He rose to his feet and glancing around was just in time to see the change in the face of his companion. That eloquently pleading smile had died away from her lips, her teeth were clenched. She looked like a woman struggling hard to control some overwhelming passion. Without the smile her lips seemed hard, even cruel. There were evil things shining out of her eyes. Tavernake felt chilled, almost afraid.

"We will see the rest of the house," she declared coldly.

They went on from room to room. Tavernake, recovering himself rapidly, master of his subject, was fluent and practical. The woman listened, with only a terse remark here and there. Once more they stood in the hall.

"Is there anything else you would like to see?" he asked.

"Nothing," she replied, "but there is one thing more I have to say."

He waited in stolid silence.

"Only a week ago," she went on, looking him in the face, "I told a man who is what you call, I think, an inquiry agent, that I would give a hundred pounds if he could discover that young woman for me within twenty-four hours."

Tavernake started, and the smile came back to the lips of Mrs. Wenham Gardner. After all, perhaps she had found the way!

"A hundred pounds is a great deal of money," he said thoughtfully.

She shrugged her shoulders.

"Not so very much," she replied. "About a fortnight's rent of this house, Mr. Tavernake."

"Is the offer still open?" he asked.

She looked into his eyes, and her face had once more the beautiful ingenuousness of a child.

"Mr. Tavernake," she said, "the offer is still open. Get into the car with me and drive back to my rooms at the Milan Court, and I will give you a cheque for a hundred pounds at once. It will be very easily earned and you may just as well take it, for now I know where you are employed, I could have you followed day by day until I discover for myself what you are so foolishly concealing. Be reasonable, Mr. Tavernake."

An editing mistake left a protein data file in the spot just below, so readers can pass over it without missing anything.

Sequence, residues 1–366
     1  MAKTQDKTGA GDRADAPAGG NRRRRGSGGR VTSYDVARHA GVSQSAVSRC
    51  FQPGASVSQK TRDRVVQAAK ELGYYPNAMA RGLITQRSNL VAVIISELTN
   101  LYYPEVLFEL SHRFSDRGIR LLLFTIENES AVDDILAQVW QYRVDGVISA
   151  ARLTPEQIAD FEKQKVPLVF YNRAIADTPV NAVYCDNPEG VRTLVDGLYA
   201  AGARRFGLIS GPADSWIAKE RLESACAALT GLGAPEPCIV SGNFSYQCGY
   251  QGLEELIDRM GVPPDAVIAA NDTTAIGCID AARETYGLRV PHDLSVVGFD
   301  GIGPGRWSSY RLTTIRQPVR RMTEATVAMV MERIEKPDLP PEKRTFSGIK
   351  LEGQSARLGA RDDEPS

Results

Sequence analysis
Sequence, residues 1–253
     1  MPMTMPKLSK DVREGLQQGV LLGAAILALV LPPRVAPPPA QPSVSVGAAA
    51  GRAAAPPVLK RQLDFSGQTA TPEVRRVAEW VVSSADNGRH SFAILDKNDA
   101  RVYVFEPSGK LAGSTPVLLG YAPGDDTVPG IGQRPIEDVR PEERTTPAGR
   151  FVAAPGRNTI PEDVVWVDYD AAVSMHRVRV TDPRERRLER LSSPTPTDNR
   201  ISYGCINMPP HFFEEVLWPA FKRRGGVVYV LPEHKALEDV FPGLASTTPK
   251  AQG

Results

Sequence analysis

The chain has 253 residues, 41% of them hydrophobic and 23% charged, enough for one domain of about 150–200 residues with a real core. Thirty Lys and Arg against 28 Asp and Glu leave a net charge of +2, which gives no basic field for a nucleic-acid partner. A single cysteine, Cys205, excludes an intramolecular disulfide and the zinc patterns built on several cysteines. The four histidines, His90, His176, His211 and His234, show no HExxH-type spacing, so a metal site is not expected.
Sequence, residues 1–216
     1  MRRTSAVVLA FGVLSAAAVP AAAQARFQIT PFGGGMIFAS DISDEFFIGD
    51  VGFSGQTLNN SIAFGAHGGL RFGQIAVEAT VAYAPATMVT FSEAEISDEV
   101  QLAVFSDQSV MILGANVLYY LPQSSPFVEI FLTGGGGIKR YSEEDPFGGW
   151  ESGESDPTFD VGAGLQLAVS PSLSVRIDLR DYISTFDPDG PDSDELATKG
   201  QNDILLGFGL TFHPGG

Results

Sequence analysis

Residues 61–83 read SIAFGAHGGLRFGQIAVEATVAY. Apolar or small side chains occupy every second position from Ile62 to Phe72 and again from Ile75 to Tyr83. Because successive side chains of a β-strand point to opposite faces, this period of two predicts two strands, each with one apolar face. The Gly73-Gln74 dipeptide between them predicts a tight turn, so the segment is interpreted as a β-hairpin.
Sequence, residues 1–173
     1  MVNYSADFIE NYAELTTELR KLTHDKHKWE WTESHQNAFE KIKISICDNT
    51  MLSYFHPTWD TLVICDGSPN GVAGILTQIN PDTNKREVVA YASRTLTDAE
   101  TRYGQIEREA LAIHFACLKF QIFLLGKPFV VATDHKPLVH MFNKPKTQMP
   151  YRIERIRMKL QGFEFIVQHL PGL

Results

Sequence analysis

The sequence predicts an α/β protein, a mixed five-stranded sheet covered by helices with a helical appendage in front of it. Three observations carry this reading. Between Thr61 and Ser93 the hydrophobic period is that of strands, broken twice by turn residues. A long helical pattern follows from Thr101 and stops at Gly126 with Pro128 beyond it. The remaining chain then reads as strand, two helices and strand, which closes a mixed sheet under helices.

Tavernake stood quite still. His arms were folded, he was looking out of the hall window at the smoky vista of roofs and chimneys. From the soles of his ready-made boots to his ill-brushed hair, he was a commonplace young man. A hundred pounds was to him a vast sum of money. It represented a year's strenuous savings, perhaps more. The woman who watched him imagined that he was hesitating. Tavernake, however, had no such thought in his mind. He stood there instead, wondering what strange thing had come to him that the mention of a hundred pounds, delightful sum though it was, never tempted him for a single second. What this woman had said might be true. She would probably be able to discover the address easily enough without his help. Yet no such reflection seemed to make the least difference. From the days of his earliest boyhood, from the time when he had flung himself into the struggle, money had always meant much to him, money not for its own sake but as the key to those things which he coveted in life. Yet at that moment something stronger seemed to have asserted itself.

"You will come?" she whispered, passing her arm through his. "We will be there in less than five minutes, and I will write you the cheque before you tell me anything."

He moved towards the door indeed, but he drew a little away from her.

"Madam," he said, "I am sorry to seem so obstinate, but I thought I had made you understand some time ago. I do not feel at liberty to tell you anything without that young lady's permission."

"You refuse?" she cried, incredulously. "You refuse a hundred pounds?"

He opened the door of the car. He seemed scarcely to have heard her.

"At about eleven o'clock to-morrow morning," he announced, "I shall have the pleasure of calling upon you. I trust that you will have decided to take the house."